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Pleasant ValleyThe Blue Cut fault is an earthquake fault that runs for about 50 miles through the Little San Bernardino Mountains, under Pleasant Valley, and into the Pinto Basin. It is named after the Blue Grandiorite exposed on the mountains at the southwestern edge of Pleasant Valley, the main branch of the fault.
Pleasant Valley - looking east
The Hexie Mountains were pushed up from the northern branch of the fault to form the steep, straight southern edge of this range of gneiss. The land to the south, between the two branches, dropped down and subsided to create the depression that became the Pleasant Valley.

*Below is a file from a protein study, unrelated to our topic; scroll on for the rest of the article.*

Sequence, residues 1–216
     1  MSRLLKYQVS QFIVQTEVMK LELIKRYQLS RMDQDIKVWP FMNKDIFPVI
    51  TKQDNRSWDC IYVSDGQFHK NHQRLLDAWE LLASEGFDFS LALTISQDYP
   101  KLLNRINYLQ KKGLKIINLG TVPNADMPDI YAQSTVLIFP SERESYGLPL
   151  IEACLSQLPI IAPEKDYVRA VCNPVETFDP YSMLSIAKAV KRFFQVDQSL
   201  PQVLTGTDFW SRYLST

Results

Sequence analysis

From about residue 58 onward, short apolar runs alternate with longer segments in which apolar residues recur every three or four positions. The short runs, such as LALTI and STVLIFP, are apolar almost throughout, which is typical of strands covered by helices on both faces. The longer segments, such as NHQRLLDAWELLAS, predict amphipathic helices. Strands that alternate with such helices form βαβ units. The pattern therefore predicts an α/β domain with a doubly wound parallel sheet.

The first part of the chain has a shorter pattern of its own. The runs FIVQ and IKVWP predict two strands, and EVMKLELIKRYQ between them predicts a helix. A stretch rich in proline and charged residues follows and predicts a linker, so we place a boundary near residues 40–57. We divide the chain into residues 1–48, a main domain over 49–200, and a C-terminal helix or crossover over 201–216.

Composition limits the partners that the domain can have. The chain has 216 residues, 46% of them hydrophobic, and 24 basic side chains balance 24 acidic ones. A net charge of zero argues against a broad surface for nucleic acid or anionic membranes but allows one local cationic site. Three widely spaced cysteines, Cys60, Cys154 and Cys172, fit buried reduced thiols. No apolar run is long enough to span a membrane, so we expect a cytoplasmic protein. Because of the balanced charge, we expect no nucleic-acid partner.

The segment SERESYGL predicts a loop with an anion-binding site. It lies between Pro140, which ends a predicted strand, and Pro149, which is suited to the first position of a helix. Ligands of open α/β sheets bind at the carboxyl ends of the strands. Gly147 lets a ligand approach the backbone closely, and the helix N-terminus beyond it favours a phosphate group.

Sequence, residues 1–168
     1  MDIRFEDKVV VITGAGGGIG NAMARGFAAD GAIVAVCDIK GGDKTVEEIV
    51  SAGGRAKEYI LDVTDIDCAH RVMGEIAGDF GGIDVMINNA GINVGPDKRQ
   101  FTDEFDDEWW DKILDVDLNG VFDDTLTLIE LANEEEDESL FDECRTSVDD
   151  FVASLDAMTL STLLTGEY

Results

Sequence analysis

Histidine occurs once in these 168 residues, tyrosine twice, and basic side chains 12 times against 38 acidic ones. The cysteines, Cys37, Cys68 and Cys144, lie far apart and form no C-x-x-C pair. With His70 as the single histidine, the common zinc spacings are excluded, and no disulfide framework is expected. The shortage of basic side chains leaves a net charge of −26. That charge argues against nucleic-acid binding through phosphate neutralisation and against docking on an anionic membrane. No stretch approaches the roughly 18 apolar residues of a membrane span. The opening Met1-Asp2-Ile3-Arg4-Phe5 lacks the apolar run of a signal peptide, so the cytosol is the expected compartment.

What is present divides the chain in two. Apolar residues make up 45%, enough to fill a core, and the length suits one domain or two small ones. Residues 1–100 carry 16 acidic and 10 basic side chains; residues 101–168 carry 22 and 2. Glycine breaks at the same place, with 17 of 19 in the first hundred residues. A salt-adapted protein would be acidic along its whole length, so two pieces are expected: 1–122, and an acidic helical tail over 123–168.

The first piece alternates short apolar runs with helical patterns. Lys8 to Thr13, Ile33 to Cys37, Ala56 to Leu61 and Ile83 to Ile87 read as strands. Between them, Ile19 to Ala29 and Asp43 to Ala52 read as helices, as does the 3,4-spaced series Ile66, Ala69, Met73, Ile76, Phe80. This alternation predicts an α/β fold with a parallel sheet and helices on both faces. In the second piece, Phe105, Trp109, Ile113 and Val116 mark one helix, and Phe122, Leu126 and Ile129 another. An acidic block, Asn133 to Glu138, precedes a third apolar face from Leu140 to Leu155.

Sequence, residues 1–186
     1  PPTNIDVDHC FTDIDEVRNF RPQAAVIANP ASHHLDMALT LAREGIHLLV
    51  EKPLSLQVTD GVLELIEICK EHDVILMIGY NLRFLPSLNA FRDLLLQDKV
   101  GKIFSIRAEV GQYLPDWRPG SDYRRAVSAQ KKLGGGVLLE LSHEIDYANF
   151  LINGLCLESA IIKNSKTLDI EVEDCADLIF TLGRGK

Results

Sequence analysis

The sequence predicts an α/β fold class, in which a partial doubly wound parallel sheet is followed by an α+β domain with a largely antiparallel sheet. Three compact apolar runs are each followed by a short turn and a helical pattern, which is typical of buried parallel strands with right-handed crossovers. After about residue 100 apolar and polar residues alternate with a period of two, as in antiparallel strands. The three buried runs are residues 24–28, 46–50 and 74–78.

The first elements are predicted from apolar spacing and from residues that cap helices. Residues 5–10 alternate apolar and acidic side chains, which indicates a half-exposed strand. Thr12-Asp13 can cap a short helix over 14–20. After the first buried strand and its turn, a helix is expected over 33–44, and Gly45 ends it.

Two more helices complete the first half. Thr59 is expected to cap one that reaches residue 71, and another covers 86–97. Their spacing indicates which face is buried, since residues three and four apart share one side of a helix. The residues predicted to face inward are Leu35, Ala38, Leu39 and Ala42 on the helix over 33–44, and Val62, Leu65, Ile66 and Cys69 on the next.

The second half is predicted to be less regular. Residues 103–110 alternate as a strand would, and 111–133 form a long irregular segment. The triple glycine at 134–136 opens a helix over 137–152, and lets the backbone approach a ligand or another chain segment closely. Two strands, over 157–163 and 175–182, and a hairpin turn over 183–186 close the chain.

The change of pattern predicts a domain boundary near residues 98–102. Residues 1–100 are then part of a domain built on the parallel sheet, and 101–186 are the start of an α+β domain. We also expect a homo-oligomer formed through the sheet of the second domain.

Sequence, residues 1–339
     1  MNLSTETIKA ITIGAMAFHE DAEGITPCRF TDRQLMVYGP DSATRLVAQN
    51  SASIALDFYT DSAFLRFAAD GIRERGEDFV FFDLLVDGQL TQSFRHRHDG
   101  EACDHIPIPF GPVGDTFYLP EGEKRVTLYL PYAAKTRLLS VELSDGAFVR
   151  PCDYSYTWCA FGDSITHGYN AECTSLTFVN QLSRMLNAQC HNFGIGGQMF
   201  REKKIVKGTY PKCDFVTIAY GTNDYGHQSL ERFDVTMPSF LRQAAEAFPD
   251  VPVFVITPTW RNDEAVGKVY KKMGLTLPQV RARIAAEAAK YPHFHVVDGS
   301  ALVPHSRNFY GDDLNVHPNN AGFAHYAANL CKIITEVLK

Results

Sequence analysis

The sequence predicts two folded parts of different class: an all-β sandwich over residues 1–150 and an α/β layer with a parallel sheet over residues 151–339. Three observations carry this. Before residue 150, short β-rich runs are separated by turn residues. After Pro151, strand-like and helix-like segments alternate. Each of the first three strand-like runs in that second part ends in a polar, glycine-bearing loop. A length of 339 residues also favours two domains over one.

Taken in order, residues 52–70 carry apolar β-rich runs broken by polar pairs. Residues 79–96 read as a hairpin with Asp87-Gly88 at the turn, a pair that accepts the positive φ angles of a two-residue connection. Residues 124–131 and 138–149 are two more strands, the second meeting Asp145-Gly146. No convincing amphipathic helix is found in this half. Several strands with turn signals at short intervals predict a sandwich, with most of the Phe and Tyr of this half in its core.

The dark rocks at the end of the Hexie range are coated with a patina. Known as "desert varnish," this coating is composed of clay, iron and manganese oxides. Accumulation of this patina happens at an incredibly slow rate over thousands of years. The layers of patina can be read by scientists investigating climatic changes over these thousands of years.
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